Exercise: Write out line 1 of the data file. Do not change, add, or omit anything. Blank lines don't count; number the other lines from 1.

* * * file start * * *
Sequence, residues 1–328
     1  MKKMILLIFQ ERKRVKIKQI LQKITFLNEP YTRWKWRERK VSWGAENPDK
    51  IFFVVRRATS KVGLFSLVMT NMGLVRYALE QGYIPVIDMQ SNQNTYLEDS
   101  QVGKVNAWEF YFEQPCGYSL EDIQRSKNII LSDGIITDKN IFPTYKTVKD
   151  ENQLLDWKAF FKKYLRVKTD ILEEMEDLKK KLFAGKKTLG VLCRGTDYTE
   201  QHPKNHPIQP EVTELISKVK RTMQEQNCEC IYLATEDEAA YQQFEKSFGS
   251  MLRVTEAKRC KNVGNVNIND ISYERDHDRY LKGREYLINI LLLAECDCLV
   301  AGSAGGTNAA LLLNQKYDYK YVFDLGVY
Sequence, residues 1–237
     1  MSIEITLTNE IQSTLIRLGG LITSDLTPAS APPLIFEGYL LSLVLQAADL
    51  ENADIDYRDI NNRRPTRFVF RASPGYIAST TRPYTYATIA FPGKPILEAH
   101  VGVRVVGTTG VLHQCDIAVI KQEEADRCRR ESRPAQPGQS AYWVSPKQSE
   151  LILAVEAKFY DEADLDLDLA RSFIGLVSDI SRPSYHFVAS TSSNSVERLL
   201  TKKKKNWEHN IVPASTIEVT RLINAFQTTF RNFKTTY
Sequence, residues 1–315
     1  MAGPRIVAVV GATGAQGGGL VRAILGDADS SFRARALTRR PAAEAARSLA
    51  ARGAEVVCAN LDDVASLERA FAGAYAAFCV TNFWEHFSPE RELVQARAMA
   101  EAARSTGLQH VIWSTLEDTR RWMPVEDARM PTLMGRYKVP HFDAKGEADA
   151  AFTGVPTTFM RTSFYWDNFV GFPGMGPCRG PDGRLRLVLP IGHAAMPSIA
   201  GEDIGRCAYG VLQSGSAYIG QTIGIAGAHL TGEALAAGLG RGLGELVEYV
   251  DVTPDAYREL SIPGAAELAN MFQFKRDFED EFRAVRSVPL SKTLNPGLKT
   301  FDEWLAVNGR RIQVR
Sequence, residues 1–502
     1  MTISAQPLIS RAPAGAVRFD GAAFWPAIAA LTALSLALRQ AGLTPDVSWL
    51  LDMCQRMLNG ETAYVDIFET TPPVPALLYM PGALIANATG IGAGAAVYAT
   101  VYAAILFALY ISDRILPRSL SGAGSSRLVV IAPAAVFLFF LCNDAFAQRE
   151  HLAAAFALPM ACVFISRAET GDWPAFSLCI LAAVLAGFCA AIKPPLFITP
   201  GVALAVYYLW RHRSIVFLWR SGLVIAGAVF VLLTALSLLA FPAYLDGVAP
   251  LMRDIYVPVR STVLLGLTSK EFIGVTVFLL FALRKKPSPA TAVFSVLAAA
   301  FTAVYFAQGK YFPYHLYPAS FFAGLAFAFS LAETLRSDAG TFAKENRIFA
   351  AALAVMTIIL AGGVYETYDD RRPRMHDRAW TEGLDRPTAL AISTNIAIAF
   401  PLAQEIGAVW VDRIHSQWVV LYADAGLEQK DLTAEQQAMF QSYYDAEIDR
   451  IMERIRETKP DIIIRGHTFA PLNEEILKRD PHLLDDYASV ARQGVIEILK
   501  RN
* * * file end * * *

Sequence, residues 1–328